# Training Facial Recognition Algorithms With Mars

### See how to use Mars to train facial recognition algorithms.

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Join For FreeOn January 16, 2019, Alibaba published the open source code of its first scientific computing engine, Mars, which is derived from MaxCompute.

Mars is a matrix-based and universally distributed computing framework. The previous articles have described what Mars is and distributed execution in Mars, as well as introduced the source code on GitHub. After reading the introduction to Mars, you may ask, "What can you do with it?" A complete answer to this question depends on what you want to do. Mars, as an underlying operation library, has implemented 70 percent of the common NumPy interfaces. This article shows how to use Mars to do what you want to do.

## Singular Value Decomposition (SVD)

As a data processor, when you process massive amounts of complex data, the first thing that you may think of is the dimensional reduction. SVD is one common technique used to reduce the dimensionality. The SVD technique is provided in the `numpy.linalg`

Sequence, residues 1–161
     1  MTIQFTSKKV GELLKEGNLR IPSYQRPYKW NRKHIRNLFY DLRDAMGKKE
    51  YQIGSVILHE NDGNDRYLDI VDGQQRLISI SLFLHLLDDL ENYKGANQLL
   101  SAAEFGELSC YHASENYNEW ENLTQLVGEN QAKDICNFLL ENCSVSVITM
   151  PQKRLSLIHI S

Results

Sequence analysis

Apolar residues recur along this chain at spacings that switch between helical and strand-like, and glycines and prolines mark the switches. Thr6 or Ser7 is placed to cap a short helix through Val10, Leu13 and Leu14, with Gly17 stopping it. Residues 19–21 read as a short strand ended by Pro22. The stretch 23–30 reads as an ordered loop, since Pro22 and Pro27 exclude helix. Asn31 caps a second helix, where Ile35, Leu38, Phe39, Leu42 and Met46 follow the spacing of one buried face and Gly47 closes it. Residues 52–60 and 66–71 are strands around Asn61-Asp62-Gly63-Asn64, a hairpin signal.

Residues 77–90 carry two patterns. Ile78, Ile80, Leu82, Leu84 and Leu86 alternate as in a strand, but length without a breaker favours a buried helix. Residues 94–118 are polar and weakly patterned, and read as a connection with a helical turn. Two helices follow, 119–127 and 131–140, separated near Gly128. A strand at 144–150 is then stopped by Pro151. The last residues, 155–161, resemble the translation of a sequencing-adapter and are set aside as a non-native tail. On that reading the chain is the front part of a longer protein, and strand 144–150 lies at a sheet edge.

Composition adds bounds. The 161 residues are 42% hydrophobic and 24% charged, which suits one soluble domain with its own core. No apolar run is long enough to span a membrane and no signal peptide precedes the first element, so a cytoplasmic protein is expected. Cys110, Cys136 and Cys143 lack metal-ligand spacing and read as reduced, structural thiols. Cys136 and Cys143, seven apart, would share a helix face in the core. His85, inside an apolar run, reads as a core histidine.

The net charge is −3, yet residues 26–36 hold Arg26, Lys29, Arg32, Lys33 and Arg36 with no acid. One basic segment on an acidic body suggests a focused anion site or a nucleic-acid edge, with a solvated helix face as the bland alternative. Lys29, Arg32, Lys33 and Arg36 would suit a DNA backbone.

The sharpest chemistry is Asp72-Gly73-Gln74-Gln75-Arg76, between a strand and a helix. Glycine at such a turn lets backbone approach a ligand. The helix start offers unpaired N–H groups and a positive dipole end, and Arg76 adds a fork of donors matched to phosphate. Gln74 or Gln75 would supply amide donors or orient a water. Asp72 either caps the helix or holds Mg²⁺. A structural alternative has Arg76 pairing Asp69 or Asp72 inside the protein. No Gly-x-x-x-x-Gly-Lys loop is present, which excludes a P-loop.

module. For example, to process 20,000 pieces of data with 100 dimensions, invoke the SVD interface:

```
In [1]: import numpy as np
In [2]: a = np.random.rand(20000, 100)
In [3]: %time U, s, V = np.linalg.svd(a)
CPU times: user 4min 3s, sys: 10.2 s, total: 4min 13s
Wall time: 1min 18s
```

As we can see, even if MKL is used in NumPy, it still takes around 1 minute to run the task. As the data volume increases, the memory of a single machine no longer meets the processing requirement.

SVD is also implemented in Mars. However, SVD in Mars is faster than in NumPy because the matrix chunk algorithm in Mars supports parallel computing:

```
In [1]: import mars.tensor as mt
In [2]: a = mt.random.rand(20000, 100, chunk_size=100)
In [3]: %time U, s, V = mt.linalg.svd(a).execute()